Photo by Elf
Have you ever seen an unusually narrow house wedged between two others? It’s possible it was a spite house, or at least the oddity that’s become known as a spite house.
Wikipedia defines a spite house as such:
A building constructed or modified to irritate neighbors or other parties with land stakes. Spite houses often serve as obstructions, blocking out light or access to neighboring buildings, or as flamboyant symbols of defiance. Because long-term occupation is at best a secondary consideration, spite houses frequently sport strange and impractical structures.
It turns out there’s a spite house here in Alameda (seen above).
No one seems to have the straight story on the house – According to Zillow, a man sold off a tiny parcel of land adjacent to his house, thinking it was too small to build a home on. However, the buyer turned out to be a carpenter who began building a home on the site. The carpenter finished what would come to be known as the Spite House in 1890. It’s not much wider than a car.
Wikipedia’s version of the story is different. It says that the city took a large chunk of Charles Froling’s land away to create a new street. Froling had inherited the land and planned to build his home on the site. To spite the city and an quarrelsome neighbor, Froling built a house 10 feet wide, 54 feet long and 20 feet high on the tiny plot that was left.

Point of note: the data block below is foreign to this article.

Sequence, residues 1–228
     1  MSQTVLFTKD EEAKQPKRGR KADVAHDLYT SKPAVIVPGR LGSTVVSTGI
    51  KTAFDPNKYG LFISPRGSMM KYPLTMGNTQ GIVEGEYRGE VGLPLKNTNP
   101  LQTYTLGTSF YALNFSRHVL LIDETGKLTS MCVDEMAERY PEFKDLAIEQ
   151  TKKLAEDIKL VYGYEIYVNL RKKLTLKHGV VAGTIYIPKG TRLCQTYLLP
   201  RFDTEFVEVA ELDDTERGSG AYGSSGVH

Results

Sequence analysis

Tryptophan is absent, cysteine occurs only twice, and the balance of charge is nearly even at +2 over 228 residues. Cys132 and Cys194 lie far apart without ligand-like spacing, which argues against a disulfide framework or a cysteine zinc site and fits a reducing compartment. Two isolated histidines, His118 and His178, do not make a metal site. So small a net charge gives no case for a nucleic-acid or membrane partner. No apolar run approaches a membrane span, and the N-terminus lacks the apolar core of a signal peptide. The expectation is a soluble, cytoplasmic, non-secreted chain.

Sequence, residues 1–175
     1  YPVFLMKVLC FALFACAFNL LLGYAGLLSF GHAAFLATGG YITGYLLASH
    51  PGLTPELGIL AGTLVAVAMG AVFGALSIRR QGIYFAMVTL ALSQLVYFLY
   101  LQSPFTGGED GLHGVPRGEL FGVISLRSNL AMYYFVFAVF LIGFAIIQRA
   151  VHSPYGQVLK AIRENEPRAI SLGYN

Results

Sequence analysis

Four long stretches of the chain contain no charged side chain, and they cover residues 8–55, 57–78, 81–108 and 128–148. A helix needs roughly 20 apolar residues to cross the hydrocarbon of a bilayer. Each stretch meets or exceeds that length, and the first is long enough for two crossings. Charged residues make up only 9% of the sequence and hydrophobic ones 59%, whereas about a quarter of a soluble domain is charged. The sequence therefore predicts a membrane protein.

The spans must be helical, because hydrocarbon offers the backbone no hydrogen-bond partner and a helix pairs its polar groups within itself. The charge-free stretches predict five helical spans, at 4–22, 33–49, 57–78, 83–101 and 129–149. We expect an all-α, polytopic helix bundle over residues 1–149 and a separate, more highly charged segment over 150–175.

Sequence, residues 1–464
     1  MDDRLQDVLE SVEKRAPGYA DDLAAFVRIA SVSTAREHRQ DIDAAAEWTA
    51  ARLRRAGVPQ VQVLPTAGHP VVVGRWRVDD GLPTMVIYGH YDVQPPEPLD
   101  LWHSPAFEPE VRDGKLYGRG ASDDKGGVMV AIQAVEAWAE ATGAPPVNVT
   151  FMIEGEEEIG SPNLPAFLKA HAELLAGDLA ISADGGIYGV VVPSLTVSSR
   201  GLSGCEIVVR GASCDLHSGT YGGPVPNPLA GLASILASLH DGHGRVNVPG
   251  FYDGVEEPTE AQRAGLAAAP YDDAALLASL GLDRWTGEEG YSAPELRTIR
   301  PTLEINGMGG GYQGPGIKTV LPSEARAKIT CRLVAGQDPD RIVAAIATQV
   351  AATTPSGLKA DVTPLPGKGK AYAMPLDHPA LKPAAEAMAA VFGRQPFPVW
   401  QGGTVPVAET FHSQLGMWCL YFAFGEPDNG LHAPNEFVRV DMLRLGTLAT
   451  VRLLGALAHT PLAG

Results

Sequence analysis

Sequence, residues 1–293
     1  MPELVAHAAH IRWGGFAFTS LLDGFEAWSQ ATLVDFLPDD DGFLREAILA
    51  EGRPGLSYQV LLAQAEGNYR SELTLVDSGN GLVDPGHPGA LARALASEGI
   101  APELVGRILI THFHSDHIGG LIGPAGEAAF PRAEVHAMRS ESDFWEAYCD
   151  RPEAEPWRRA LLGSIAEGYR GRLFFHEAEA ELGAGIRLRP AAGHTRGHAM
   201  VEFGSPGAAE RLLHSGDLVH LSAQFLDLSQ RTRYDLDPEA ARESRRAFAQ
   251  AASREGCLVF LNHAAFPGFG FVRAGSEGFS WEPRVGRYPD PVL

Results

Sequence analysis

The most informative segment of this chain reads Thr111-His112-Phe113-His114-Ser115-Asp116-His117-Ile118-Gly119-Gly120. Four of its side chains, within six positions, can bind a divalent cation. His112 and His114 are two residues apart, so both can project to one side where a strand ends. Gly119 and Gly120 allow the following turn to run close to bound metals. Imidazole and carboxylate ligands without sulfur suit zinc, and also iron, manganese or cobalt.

The house fell into disrepair in the 1960s after the elderly owner could no longer care for it, but new owners have brought it back, including installing this excellent transom window over the front door.
There’s quite a few spite houses out there. I sincerely doubt that most of them were built out of spite, but it’s a catchy term. The New York times has a nice feature and slideshow on the Hollensbury Spite House in Virginia. Curbed and CNN spotlight Boston’s Skinny House. Twisted Sifter and Wikipedia round up a number of other spite houses.
I love the idea of a tiny house and building creatively for the space you have, but blocking neighbors’ windows and access not so much.